You may be asked to come for a further examination because your cervical screening test has shown evidence of abnormal cells OR referred due to having had a number of inadequate smear results.
An abnormal result is not unusual – it happens in about one in twenty tests. An abnormal result usually means that small changes have been found in the cells on the cervix (the neck of the womb) and act as early warning signals that cervical cancer might develop in the future. It is important to remember that it is very rare indeed for these abnormalities to be cancer.
The examination you will have is called colposcopy. It is simple, quick and generally painless and allows the doctor to decide if you need treatment. For some women the changes in the cervix return to normal by themselves. Other women will need some simple outpatient treatment that is virtually 100 per cent effective.
What Is Colposcopy?
The instrument used is called a colposcope and is really just a large magnifying glass which lets the doctor look more closely at the changes on your cervix. It does not go inside you. For most women this is a painless examination, but some may find it a bit uncomfortable.
Colposcopy can be done safely during pregnancy and will not affect delivery of your baby, nor will it affect your ability to become pregnant in the future. However, treatment is usually postponed until after the delivery of your baby.
Is There Anything I Can Do Before the Examination?
You are welcome to arrange for a relative or friend to come with you to the colposcopy clinic. We prefer not to do a colposcopy examination when you have your period.
The actual examination only takes about 15 minutes. You may wish to wear a full skirt to avoid removing all your lower clothing during the examination. Some women have a slight discharge after the examination. You may want to bring a sanitary towel, just in case.
What Happens Before the Examination?
First the doctor will want to ask you some questions. These questions relate to your periods, the type of contraception you use, any operations or illnesses you have had in the past, and so on. You will then be asked to undress from the waist downwards (though a full skirt need not be removed).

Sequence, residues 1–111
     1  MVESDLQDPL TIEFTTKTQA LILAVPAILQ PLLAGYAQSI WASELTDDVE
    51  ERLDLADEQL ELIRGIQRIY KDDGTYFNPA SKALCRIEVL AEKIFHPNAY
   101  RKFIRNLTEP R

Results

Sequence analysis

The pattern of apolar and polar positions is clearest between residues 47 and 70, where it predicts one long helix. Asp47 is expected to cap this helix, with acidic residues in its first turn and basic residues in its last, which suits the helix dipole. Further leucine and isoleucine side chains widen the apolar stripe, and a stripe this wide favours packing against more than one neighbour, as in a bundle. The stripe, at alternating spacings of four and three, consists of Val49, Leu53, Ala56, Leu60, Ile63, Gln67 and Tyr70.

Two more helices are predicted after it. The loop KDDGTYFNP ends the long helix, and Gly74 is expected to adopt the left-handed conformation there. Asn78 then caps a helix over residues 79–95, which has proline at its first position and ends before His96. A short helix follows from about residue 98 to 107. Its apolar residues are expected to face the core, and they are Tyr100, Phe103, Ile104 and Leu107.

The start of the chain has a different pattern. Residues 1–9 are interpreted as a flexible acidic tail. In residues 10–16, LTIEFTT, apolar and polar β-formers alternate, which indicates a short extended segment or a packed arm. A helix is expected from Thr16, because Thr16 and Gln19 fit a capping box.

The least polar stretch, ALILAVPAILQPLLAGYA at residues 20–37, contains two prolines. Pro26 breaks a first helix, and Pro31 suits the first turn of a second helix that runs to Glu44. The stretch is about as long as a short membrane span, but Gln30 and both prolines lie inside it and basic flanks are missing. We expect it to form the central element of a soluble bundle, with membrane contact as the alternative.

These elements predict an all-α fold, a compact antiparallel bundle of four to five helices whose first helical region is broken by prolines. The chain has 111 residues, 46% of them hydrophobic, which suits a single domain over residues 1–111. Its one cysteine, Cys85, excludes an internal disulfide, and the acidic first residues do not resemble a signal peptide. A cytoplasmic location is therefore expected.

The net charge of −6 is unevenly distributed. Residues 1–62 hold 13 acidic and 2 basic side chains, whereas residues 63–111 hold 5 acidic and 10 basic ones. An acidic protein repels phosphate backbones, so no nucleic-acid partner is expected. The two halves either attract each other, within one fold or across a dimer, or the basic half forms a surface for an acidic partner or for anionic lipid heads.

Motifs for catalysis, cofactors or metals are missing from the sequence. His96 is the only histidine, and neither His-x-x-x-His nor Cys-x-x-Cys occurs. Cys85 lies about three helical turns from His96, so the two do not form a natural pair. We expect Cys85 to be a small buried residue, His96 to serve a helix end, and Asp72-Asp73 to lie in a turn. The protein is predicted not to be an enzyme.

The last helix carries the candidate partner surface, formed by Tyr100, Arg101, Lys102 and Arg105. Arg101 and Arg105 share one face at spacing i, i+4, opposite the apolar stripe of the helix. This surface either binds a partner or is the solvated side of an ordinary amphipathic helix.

The colposcopy nurse will help you to position yourself on a special type of couch. The couch has padded supports on which you rest your legs. When you are lying comfortably the doctor will gently insert a speculum into your vagina, just as when you had your cervical screening test.
Sometimes another test is taken. After this the doctor will look at your cervix using a colposcope. The colposcope is a specially adapted type of microscope with light. The doctor will then dab different liquids onto your cervix to help identify and highlight any areas of abnormal cells. The abnormal areas will appear white.
If any abnormal area is identified, a small sample of tissue – a biopsy – will be taken from the surface of the cervix. A biopsy is about the size of a pinhead. You may feel a slight stinging, but it should not be painful.
After the examination the doctor may be able to tell you what is wrong and what treatment, if any, is needed. But often, especially if you have had a biopsy, you will not be given a definite diagnosis immediately after the examination. It will take a week or two before you get the results of the biopsy. After the examination you should feel well enough to continue with your usual routine.
Colposcopy defines the type and extent of the abnormal area on the cervix. The results show if you need treatment and, if so, what sort.
The result of a biopsy shows how abnormal the area is. It may also indicate if further treatment is needed
If you have had a biopsy, you may have a light blood-stained discharge for a few days following the procedure. This is normal and it should clear itself. It is best, however, to refrain from intercourse for up to five days to allow the biopsy site to heal
Treatment usually takes place during another colposcopy and the procedure is very similar to your initial examination. If treatment was done you may have a blood-stained discharge for two to four weeks and it is advised to avoid intercourse for that period, and use sanitary towels rather than tampons.
Treatment for CIN will have little or no effect on your future fertility, nor on your risk of having a miscarriage. It is important to keep your appointments afterwards to make sure that your cervix is still healthy. A follow-up check is usually between four and six months after the examination or treatment. During this visit the doctor will take a cervical screening test and may do another colposcopy examination to make sure that the cervix is healthy again.